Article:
The doctrine of the MacPherson case is now generally accepted. Am. Law Inst. Restatement: Torts, §§ 394-402. Harper, Torts (1933) § 106. Prosser, Torts (1941) 206-210, 673-688. Winfield, Torts (1937) 430, 566-569, 572-579. Seavey, 52 Harv. L. Rev. 376-379. Jeanblanc, 24 Va. L. Rev. 134. Feezer, 37 Mich. L. Rev. 1. Its acceptance has brought all dangerous things into the same class as the "inherently dangerous" things to which the principle already stated has always been applied. The MacPherson case caused the exception to swallow the asserted general rule of nonliability, leaving nothing upon which that rule could operate. Wherever that case is accepted, that rule in truth is abolished, and ceases to be part of the law. Yet some courts have continued to render lip service to it ( Spencer v. Madsen, 142 Fed. [2d] 820; Macres v. Coca Cola Bottling Co. Inc. 290 Mich. 567), and it has been stated in cases which were really decided for the defendant on the ground of want of negligence. E.I. Du Pont de Nemours Co. v. Baridon, 73 Fed. 2d 26. Amason v. Ford Motor Co. 80 F.2d 265. Borg-Warner Corp. v. Heine, 128 F.2d 657. Rotche v. Buick Motor Co. 358 Ill. 507. Stevens v. Allis-Chalmers Manuf. Co. 151 Kan. 638. Tayer v. York Ice Machinery Corp. 342 Mo. 912.
In many recent cases that asserted general rule of nonliability to persons not in privity of contract has been denied, either in terms or in effect, and the principle stated earlier in this opinion has been applied.
Donoghue v. Stevenson,  A.C. 562. Grant v. Australian Knitting Mills, Ltd.  A.C. 85, 105 Am. L.R. 1483. Mathews v. Coca-Cola Co. of Canada Ltd. (1944) Ont. 207, (1944) 2d. L.R. 355. Johnson v. Cadillac Motor Car Co. 261 Fed. 878, 8 Am. L.R. 1023. Reed Barton Corp. v. Mass, 73 F.2d 359. Barrett Co. v. Bobal, 74 F.2d 406. Eyan Chevrolet Co. v. Bruner, 102 F.2d 373. Liggett Myers Tobacco Co. v. De Lape, 109 F.2d 598. General Accident, Fire Life Assurance Corp. Ltd. v. Goodyear Tire Rubber Co. 132 F.2d 122. General Motors Corp. v. Johnson, 137 F.2d 320. Sieracki v. Seas Shipping Co. Inc. 149 F.2d 98. Miles v. Chrysler Corp. 238 Ala. 359. Sheward v. Virtue, 20 Cal.2d 410. Escola v. Coca Cola Bottling Co. of Fresno, 24 Cal.2d 453. Gorman v. Murphy Diesel Co. (Del. Super.) 29 A.2d 145. Payton's Administrator v. Childers' Electric Co. 228 Ky. 44. Ebers v. General Chemical Co. 310 Mich. 261. Krahn v. J.L. Owens Co. 125 Minn. 33. Zesch v. Abrasive Co. of Philadelphia, 353 Mo. 558, 156 Am. L.R. 469. Lenz v. Standard Oil Co. of New York, 88 N.H. 212. Heckel v. Ford Motor Co. 101 N.J.L. 385, 39 Am. L.R. 989. Cassini v. Curtis Candy Co. 113 N.J.L. 91. Slavin v. Francis H. Leggett Co. 114 N.J.L. 421; S.C. 117 N.J.L. 101. MacPherson v. Buick Motor Co. 217 N.Y. 382. Smith v. Peerless Glass Co. Inc. 259 N.Y. 292. Noone v. Fred Perlberg, Inc. 268 App. Div. (N.Y.) 149. Sicard v. Kremer, 133 Ohio St. 291. Crane Co. v. Sears, 168 Okla. 603. Saganowich v. Hachikian, 348 Penn. St. 313. Collette v. Page, 44 R.I. 26. S. Blickman, Inc. v. Chilton, (Tex. Civ. App.) 114 S.W.2d 646. Reusch v. Ford Motor Co. 196 Wn. 213. Bock v. Truck Tractor, Inc. 18 Wn.2d 458. Flies v. Fox Brothers Buick Co. 196 Wis. 196, 60 Am. L.R. 357. Marsh Wood Products Co. v. Babcock Wilcox Co. 207 Wis. 209.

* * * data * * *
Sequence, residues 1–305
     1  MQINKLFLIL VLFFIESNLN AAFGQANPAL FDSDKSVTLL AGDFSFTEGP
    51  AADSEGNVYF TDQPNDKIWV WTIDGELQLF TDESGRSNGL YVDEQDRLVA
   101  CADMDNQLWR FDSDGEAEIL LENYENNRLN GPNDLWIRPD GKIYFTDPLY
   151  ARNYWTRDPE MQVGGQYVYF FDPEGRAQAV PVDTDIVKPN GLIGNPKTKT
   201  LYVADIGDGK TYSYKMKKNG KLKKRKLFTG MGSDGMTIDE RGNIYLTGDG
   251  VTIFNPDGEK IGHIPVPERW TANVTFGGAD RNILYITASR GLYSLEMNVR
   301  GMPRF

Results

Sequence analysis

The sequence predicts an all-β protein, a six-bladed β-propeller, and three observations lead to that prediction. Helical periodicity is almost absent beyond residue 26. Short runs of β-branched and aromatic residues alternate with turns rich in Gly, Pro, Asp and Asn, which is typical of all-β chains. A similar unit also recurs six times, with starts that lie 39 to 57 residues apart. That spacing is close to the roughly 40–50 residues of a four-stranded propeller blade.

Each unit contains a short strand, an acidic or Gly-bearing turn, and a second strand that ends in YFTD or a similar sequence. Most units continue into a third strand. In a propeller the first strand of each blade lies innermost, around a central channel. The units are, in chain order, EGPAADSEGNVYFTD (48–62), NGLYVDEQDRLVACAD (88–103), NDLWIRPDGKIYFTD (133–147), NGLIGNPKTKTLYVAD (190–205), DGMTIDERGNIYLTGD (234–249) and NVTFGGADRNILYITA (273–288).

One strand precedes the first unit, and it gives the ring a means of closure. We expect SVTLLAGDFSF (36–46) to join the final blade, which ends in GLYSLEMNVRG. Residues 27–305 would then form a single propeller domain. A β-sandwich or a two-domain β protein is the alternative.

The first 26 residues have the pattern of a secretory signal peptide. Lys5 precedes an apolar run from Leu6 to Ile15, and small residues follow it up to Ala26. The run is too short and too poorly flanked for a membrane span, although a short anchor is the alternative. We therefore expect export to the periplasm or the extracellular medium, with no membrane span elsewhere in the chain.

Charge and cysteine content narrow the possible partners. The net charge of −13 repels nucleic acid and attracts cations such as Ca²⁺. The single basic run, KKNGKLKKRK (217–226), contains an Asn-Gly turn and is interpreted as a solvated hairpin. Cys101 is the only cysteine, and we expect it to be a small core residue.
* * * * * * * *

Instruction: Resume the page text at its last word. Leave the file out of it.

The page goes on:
The time has come for us to recognize that that asserted general rule no longer exists. In principle it was unsound. It tended to produce unjust results. It has been abandoned by the great weight of authority elsewhere. We now abandon it in this Commonwealth.
Upon the principle of liability that is stated earlier in this opinion and that governs this case, the verdict in favor of the plaintiff was warranted. There was error in entering a verdict for the defendant under leave reserved. The plaintiff's exceptions are sustained. Those of the defendant are overruled. Judgment is to be entered in favor of the plaintiff upon the verdict returned by the jury.